Information technology (IT) does not undermine job quality. But it doesn’t make the jobs any better either. Managers do. As Adam Seth Litwin and Sherry M. Tanious write, employers can manage relationally or contractually, and that determines whether or not IT facilitates the dissolution of conventional employment relationships.
Employers have used information technology (IT) since the 1970s and 1980s to fundamentally transform the working relationship. Employers now looking for flexibility rather than stability in a globalized, highly competitive marketplace have used IT to replace full-time workers with temporary workers employed by outside recruitment agencies, independent contractors, freelancers or even machines – a phenomenon that as the “externalization” of work.
IT facilitates the externalization of work by enabling employers to (1) monitor and monitor the productivity of employees worldwide in real time, (2) break work down into simpler, individual tasks, and (3) coordinate work. Ergonomists have theorized that employers use IT to reduce labor costs. Discretion or long term opportunities that traditional employment has offered in the past. In a recent magazine article, we undertake to quantify how the introduction of IT enables, drives, or restricts the transfer of work from internal employees to temporary workers or “temporary workers” hired by external recruitment agencies and outsourced to traditional employers.
We draw on data from the Workplace Employment Relations Study (WERS), a representative sample of more than 2,500 UK companies administered by the UK Government. Using linear probability models, in accordance with the existing literature, we find that IT adoption positively correlates with job reallocation, both before and after controlling company size, industry and other factors. Some companies are more likely to assign work than others – for example, larger companies are more likely to assign work to temporary workers, and establishments that have at least one union negotiating on behalf of at least some workers are more likely than non-unionized establishments to work in an employment agency.
While in the UK neither foreign ownership of the company nor independence of the company drives job reallocations, jobs with concentrated ownership are less likely to report job reallocations. This implies that labor relationships may be relational rather than contractual – bosses who actually know and work with their employees are less likely to outsource their work to temporary workers. Finally, we find a positive correlation between downsizing and reallocation of jobs after controlling the IT rollout – managers who cut their jobs in the previous year were 5% more likely to have outsourced work once it was done in-house.
Next, let’s look at the relationship between IT rollout and downsizing with reallocation of work to temporary workers. It is important that the downsizing of companies without IT implementation essentially does not correlate with the reallocation of work to temporary workers, but that the introduction of IT is strongly correlated with the reallocation of jobs from internal employees to temporary workers when they are downsized in connection with downsizing.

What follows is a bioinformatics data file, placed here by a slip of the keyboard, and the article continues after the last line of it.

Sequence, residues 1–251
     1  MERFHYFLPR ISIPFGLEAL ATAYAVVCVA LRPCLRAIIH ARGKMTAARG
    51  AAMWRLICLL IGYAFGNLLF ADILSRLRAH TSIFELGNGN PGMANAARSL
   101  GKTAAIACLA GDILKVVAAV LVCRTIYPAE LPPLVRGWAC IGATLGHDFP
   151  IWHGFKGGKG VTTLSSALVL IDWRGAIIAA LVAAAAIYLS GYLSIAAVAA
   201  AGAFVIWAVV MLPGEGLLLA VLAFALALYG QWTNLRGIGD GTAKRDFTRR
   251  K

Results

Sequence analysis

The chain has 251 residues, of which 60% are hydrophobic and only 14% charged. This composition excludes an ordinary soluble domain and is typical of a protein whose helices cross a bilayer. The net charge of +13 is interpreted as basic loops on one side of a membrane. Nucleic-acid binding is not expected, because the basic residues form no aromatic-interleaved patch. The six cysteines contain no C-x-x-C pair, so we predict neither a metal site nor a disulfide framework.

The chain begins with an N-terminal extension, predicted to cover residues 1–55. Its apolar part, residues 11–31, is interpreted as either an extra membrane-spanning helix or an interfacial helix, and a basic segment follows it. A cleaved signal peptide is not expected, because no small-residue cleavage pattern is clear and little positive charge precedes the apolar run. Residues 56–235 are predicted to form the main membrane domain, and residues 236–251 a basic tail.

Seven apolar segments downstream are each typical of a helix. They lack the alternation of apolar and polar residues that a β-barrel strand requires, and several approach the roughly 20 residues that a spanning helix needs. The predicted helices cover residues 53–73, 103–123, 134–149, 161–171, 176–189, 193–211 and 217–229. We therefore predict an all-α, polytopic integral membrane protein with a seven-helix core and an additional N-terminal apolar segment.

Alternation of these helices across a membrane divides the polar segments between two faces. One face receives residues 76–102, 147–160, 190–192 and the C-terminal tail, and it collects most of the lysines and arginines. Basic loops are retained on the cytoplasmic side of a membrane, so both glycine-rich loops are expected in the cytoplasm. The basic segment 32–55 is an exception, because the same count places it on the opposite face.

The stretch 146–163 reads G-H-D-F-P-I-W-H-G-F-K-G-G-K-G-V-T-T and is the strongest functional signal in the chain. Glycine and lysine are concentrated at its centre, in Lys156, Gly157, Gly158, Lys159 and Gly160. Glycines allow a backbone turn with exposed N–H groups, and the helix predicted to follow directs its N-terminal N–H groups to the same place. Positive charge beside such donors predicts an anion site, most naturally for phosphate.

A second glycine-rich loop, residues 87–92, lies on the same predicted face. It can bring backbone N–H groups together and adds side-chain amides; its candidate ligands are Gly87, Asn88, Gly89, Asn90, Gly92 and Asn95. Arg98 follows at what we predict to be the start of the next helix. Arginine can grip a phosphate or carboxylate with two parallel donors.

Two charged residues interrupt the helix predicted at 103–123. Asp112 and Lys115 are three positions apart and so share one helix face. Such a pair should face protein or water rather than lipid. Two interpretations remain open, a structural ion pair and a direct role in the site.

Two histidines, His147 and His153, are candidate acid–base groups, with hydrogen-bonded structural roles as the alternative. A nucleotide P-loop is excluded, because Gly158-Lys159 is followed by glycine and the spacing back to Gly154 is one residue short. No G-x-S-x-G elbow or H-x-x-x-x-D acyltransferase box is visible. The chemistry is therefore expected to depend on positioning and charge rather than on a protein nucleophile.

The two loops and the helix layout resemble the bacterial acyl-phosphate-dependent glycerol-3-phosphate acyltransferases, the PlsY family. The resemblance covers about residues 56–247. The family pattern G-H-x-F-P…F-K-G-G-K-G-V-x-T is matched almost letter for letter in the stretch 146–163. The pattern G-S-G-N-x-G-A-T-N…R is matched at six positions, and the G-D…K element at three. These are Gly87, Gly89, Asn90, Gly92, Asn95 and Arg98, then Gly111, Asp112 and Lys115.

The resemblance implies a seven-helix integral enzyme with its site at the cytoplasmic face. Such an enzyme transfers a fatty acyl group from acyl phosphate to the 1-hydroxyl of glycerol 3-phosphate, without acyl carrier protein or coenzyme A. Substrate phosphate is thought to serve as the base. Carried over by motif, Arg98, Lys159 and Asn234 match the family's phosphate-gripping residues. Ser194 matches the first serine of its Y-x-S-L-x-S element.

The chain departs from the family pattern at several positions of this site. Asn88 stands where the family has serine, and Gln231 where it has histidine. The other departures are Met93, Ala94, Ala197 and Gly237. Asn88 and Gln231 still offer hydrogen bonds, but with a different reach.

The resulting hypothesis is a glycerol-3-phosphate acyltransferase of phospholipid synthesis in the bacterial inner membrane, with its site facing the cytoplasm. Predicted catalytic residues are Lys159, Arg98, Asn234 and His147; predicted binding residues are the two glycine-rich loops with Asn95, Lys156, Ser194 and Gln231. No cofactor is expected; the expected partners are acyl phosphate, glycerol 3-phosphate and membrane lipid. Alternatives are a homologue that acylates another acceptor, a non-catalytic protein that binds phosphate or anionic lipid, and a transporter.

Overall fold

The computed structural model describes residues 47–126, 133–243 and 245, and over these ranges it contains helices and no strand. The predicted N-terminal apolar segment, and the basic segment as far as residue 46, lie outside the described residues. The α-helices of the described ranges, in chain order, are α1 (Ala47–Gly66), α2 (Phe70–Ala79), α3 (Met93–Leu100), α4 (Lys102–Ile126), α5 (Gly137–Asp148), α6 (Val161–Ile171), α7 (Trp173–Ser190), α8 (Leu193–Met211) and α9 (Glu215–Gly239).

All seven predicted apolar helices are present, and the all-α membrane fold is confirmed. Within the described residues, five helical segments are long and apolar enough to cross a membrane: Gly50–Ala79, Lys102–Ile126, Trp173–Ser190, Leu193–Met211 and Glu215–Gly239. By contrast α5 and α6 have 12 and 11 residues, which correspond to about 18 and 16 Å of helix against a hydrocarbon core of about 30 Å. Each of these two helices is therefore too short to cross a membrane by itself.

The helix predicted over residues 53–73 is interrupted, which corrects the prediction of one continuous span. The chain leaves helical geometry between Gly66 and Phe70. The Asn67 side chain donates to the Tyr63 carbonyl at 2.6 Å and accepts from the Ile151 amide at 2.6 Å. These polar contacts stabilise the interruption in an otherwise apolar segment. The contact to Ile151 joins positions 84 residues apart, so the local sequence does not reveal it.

Using linear probability models, we then evaluate whether management decisions regarding business strategy – whether the company is competing on price or quality – affect the goals of the IT deployment; House. We find that employers who opt for price rather than quality competition are more likely to transfer temporary workers, employers who rely on quality-driven strategies actually rely on technology to avoid reallocation of jobs, and work internally to keep. In addition, employers who manage to pursue a price-oriented business strategy while maintaining an employment model “on the street” will be significantly less likely to outsource to temporary workers. Accordingly, it is possible for employers, competing on either quality or price, to avoid reallocation if they so choose. That is, the adoption of IT allows employers, but does not force them to shift work that is traditionally done by internal staff to temporary workers. In summary, our results provide the first statistical evidence that recent technological change has indeed facilitated the erosion of the conventional, mutually binding, dyadic employment model.
These results have important implications for labor policy and legal rights. Temporary workers, most of whom would prefer standard employment, have less job security, economic stability and poorer health outcomes than those directly employed by client firms. In addition, temporary workers are deprived of the employer’s investment in skills development, which has negative long-term effects on both workers and their families and the human capital stock of an economy. The erosion of the traditional employment relationship in favor of these atypical work regulations tilts the existing power imbalance between employers and employees further in favor of employers. Policy makers should be aware of advances in technology and the introduction of a wide variety of staffing options now available to employers.